Marriage equality news from the United States and abroad from our June/July issue, now on stands.
The big news of the season is the success of the “Yes” in the Republic of Ireland. The vote was historic for many reasons, most notably for being the first nation to legalize same-sex marriage via referendum. The vote also saw huge voter turnout (60 percent of 3.2 million eligible voters), including many flying home specifically to vote, and a relatively quick turnaround from decriminalizing homosexuality in 1993 to passing the referendum with a 62-percent endorsement. This news may become a standard-bearer as people see a Roman Catholic country embrace marriage equality.
Sharon Haller, owner of Cut the Cake bakery in Longwood, FL, was approached by Arizona internet evangelist Joshua Feuerstein, who wanted to place an order for a cake that would read we do not support gay marriage. Feuerstein recorded the conversation, and when Haller refused to print the anti-gay message, he posted the call online and hundreds of threats flooded the bakery phone lines. Recording conversations without consent is a felony in Florida, and Feuerstein (who has a long history of harassing supporters of gay marriage) could face up to five years in prison.
Attorney General Elizabeth Barrett-Anderson ordered officials to start processing same-sex marriage applications after Kathleen Aguero and Loretta Pangelinan (a lesbian couple who have been together for nine years and live with three foster children) sued over the territory’s marriage laws. “The department is advised to treat all same-gender marriage applications with dignity and equality under the Constitution,” Barrett-Anderson announced.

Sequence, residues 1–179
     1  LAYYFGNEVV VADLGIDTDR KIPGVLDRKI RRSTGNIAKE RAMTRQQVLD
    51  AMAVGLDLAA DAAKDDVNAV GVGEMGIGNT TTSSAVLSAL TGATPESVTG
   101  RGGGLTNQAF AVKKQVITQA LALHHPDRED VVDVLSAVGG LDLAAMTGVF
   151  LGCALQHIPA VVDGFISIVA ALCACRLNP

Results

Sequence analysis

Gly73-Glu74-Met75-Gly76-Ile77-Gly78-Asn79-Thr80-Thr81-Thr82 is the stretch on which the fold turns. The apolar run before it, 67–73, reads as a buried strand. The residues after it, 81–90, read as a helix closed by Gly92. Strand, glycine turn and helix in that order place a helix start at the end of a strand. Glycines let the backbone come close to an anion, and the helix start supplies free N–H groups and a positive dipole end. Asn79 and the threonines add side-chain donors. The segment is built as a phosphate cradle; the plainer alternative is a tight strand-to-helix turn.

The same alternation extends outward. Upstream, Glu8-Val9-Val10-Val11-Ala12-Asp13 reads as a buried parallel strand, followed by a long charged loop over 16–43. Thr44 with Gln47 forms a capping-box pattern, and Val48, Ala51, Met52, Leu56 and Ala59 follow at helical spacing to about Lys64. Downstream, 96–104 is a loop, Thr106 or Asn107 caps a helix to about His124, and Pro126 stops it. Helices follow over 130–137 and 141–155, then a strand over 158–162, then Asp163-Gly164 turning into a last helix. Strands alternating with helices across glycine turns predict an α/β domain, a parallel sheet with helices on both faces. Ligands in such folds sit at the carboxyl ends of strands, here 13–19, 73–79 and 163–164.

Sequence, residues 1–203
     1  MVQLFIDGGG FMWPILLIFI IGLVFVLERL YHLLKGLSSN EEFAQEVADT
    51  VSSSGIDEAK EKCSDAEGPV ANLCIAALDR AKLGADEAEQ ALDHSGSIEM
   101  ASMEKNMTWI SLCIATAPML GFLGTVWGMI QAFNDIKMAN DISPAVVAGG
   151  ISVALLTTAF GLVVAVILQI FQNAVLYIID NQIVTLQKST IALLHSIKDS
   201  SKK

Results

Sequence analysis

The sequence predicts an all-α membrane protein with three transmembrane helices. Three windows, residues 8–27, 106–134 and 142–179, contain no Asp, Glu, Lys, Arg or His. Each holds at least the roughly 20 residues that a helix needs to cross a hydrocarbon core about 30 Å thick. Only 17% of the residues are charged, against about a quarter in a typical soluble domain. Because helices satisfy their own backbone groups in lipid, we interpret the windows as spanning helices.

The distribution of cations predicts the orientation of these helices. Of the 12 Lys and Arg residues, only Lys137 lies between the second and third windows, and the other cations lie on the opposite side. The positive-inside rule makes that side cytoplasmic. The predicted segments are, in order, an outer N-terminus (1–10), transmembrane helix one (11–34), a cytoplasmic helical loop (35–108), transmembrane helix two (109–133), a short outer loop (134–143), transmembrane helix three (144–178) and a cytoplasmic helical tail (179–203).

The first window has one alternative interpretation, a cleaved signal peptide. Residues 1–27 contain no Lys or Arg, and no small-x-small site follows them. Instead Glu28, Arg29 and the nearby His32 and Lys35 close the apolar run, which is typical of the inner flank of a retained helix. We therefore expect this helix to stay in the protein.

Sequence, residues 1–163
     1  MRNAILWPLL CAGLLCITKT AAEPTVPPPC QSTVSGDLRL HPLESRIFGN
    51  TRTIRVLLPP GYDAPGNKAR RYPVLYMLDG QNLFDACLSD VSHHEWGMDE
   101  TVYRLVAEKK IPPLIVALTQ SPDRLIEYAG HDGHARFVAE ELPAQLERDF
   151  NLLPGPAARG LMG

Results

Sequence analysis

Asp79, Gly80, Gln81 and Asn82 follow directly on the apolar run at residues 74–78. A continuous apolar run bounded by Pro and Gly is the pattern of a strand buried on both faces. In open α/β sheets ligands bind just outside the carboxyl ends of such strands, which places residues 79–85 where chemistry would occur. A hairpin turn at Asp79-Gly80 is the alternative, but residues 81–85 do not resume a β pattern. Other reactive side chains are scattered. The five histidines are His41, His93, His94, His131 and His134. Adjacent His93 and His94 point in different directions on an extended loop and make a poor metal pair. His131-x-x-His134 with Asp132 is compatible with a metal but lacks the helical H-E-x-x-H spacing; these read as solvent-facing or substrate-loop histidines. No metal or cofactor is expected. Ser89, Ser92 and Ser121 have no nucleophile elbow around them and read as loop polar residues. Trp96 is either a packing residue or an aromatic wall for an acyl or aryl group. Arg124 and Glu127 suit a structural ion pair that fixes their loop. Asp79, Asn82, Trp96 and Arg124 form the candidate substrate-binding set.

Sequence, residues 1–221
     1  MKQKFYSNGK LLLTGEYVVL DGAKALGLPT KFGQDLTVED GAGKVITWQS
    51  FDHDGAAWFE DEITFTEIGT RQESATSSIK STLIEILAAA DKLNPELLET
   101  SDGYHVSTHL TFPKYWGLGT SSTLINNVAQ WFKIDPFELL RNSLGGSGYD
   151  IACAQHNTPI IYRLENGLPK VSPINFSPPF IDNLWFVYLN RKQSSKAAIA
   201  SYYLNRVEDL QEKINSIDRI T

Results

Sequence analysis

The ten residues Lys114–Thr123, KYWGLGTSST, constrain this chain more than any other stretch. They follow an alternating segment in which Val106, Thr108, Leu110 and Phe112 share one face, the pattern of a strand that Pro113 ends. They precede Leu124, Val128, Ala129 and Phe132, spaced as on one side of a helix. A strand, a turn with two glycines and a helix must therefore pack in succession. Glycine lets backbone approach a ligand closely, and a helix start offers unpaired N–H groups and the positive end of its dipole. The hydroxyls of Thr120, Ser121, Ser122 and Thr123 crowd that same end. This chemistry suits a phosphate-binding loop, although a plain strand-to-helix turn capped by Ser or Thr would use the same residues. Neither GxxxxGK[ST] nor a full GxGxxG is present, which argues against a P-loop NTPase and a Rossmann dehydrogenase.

Franklin County Circuit Judge Thomas Wingate ruled that Kentucky’s ban on same-sex marriage violates the right to equal protection. A federal judge in Louisville had previously struck down the state’s gay marriage ban last year, but that ruling was overturned by the decision of the 6th U.S. Circuit Court of Appeals.
Puerto Rico has announced it will no longer defend Article 68 of its Civil Code, which contains rules against same-sex marriage. “Our constitutional system does not allow discriminatory distinctions such as that contained in the Civil Code concerning the rights of same-sex couples,” stated Governor Alejandro Garcia Padilla. “We must push for progress in civil and human rights for all citizens equally.”
This spring Slovenia became the 11th country in the European Union to allow same-sex marriage. The historic vote made Slovenia the first Eastern European country to approve marriage equality. The country will also extend adoption rights to same-sex couples, putting heat on nearby Croatia, Hungary and Latvia, where constitutions still define marriage as between a man and a woman. Slovenia is widely considered to be the most progressive of the states that formerly constituted Yugoslavia.
As we finish putting together our 2015 Pride Issue, we await the U.S. Supreme Court’s important ruling on whether states are required to issue same-sex marriage licenses and recognize such licenses when issued in other states. As with past rulings, we are hopeful the Court will rule in favor of gay marriage proponents. A decision is expected by the end of June.
Last modified: March 9, 2018